Simulated Faulty Folding: A Theoretical Model of Prion Propagation

Researchers have designed a protein that, in computer simulations, induces other proteins to misfold

Inside a live cell, strings of amino acids instantaneously fold into proteins with very specific shapes. Typically, no harm is done if a protein somehow folds into an unconventional configuration. But, very rarely, a misfolded protein will induce others to unfurl and misfold as well, with disastrous consequences: the nonconformists glom together, causing diseases such as bovine spongiform encephalopathy (BSE or mad cow), Creutzfeldt-Jakob, and Alzheimer’s.


A model of prion disease propagation. The correct (helical) form of a protein misfolds to a beta-structure in the presence of the stiff misfolded beta-structure form. Courtesy of Edyta Malolepsza.Using computer simulations, a group of theoretical chemists at Warsaw University—Malolepsza, Boniecki, Kolinski and Piela—managed to get a glimpse of how such misfolded proteins—called prions— propagate. Recently, they designed a protein that, in computer simulations, induces other proteins to mis- fold. The work was published in Proceedings of the National Academy of Sciences in May.


Edyta Malolepsza, a graduate student involved in the work, says she hopes it will help advance our understanding of prion disease. “This is a small model with a protein designed by us, not by nature,” she says. “But because we used a very realistic force field, a real protein could behave similarly.”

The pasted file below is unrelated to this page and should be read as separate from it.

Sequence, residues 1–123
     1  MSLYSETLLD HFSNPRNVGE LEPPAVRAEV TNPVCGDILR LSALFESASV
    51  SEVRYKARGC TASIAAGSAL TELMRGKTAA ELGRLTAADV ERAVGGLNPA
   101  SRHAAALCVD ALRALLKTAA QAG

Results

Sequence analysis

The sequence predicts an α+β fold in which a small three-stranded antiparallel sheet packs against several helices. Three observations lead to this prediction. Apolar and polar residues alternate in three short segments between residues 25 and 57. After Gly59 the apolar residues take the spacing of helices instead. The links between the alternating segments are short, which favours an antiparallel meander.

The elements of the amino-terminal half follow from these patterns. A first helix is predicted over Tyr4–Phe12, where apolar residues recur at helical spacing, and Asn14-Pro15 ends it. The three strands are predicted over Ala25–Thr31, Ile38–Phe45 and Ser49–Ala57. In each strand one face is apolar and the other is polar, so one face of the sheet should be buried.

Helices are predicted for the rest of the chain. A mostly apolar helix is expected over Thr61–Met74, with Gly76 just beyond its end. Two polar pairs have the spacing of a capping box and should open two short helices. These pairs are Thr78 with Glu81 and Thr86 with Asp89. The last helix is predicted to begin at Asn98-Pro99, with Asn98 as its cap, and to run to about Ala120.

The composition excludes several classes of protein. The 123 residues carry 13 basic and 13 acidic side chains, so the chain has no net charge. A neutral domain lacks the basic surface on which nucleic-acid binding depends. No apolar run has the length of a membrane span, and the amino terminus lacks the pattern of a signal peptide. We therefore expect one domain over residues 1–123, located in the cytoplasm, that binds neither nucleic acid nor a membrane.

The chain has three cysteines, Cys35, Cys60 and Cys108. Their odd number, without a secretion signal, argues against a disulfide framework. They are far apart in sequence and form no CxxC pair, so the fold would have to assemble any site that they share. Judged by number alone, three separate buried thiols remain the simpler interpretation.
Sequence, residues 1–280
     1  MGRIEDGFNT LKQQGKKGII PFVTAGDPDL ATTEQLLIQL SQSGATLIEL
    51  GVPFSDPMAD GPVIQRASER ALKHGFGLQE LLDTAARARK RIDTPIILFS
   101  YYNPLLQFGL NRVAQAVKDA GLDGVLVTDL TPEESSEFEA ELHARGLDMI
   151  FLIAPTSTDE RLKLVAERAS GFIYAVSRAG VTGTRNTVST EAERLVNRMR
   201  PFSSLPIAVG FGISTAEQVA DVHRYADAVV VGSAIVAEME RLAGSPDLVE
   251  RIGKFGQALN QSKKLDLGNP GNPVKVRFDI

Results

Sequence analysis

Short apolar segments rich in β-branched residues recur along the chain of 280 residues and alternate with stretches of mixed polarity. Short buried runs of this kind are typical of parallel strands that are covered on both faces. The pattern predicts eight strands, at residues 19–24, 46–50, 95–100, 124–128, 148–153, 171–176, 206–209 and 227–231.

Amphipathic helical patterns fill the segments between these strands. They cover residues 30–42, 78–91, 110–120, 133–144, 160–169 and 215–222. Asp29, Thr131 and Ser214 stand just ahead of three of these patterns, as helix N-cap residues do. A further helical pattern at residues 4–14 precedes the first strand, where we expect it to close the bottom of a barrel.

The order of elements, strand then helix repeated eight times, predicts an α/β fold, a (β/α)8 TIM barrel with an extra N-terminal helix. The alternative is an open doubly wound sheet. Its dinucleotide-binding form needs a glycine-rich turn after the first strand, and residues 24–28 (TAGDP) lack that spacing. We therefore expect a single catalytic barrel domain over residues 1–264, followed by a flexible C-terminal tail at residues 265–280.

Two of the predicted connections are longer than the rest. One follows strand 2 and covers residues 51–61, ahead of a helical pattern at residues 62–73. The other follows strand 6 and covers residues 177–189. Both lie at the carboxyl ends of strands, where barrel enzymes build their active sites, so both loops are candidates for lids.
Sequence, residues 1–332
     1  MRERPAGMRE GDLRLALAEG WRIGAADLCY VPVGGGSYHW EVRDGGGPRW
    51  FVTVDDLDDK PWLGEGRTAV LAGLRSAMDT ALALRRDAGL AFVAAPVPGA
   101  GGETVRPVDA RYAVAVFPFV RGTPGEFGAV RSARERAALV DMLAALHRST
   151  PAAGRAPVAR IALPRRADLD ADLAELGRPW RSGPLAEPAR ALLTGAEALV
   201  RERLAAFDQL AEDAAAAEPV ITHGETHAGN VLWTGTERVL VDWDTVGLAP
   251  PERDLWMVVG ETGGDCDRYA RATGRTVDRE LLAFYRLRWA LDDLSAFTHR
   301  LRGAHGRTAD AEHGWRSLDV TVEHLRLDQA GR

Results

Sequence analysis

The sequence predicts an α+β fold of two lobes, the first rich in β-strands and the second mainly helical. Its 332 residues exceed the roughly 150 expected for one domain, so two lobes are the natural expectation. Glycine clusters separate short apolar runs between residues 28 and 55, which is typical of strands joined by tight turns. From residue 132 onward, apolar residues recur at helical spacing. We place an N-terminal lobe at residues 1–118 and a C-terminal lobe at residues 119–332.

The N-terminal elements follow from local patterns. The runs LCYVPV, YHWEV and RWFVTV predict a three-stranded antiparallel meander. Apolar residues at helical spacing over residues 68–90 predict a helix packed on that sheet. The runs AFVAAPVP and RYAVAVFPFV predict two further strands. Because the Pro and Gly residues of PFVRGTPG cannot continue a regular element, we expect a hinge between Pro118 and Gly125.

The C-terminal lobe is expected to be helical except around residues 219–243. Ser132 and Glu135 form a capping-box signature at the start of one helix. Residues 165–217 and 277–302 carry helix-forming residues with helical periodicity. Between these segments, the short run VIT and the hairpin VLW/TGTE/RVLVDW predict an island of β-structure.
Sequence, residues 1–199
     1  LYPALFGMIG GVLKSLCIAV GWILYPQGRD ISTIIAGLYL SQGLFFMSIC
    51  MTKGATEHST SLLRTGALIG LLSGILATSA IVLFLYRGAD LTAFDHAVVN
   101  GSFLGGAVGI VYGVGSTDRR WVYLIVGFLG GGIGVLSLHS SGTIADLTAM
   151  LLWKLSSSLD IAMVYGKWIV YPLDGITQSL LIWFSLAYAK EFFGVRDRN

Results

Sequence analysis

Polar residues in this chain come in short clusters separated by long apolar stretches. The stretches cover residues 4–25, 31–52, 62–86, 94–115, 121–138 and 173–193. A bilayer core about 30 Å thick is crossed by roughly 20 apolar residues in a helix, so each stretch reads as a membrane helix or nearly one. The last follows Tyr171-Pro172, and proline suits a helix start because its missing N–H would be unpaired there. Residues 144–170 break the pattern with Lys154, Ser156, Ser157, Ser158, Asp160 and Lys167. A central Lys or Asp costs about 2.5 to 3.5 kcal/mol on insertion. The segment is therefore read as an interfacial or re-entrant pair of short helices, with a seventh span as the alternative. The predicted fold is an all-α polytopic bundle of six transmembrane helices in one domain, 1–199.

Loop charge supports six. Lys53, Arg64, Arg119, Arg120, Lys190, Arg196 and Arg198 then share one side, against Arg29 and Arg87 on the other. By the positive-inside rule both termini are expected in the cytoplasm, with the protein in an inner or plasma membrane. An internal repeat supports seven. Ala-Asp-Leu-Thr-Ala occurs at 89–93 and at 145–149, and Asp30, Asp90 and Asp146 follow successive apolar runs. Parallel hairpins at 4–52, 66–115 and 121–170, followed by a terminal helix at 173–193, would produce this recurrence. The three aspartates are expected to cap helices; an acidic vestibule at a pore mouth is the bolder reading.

Malolepsza’s work involved two primary steps: designing protein sequences that might have a propensity to misfold, and simulating what hap- pens when they interact. For the design process, she used trial and error to identify a set of 32-amino-acid chains that met specific criteria: they would naturally fold into a bundle of two alpha-helices, but, at only a slight- ly higher energy level, could also form a beta-sheet.


After selecting 14 appropriate sequences, Malolepsza began her simulations. Alone, each peptide folded to the native alpha-helical shape at a variety of temperature ranges. However, when allowed to interact with a frozen beta-sheet version of itself, one of the sequences (regardless of its starting conformation) unfolded and then refolded to a beta-sheet shape. It then formed a dimer with the pre-existing beta-sheet. In addition, allowing one frozen beta-sheet molecule to interact with two alpha-helices produced a beta-trimer—a larger aggregate similar to what develops in prion disease. Malolepsza cannot yet explain why one of the proteins could propagate misfolding while the related sequences could not. Figuring this out may yield clues about how to inhibit or reverse prion disease.


“Only one among the studied sequences exhibits the ability to induce prion disease,” says Malolepsza. And just a few amino acids—sometimes only one—made the difference between the protein that acted like a prion and the 13 others that didn’t. “Maybe a mutation occurs that allows propagation of the amyloid aggregations seen in prion disease,” says Malolepsza.


Malolepsza is hoping to simulate actual prion proteins soon. It’s a more complex task because prions are bigger—the fragment needed for simulations contains about 100 amino acids. “We need a faster simulating program,” she says. “I hope that we will eventually have another paper with a more complete answer as to how prions work.”

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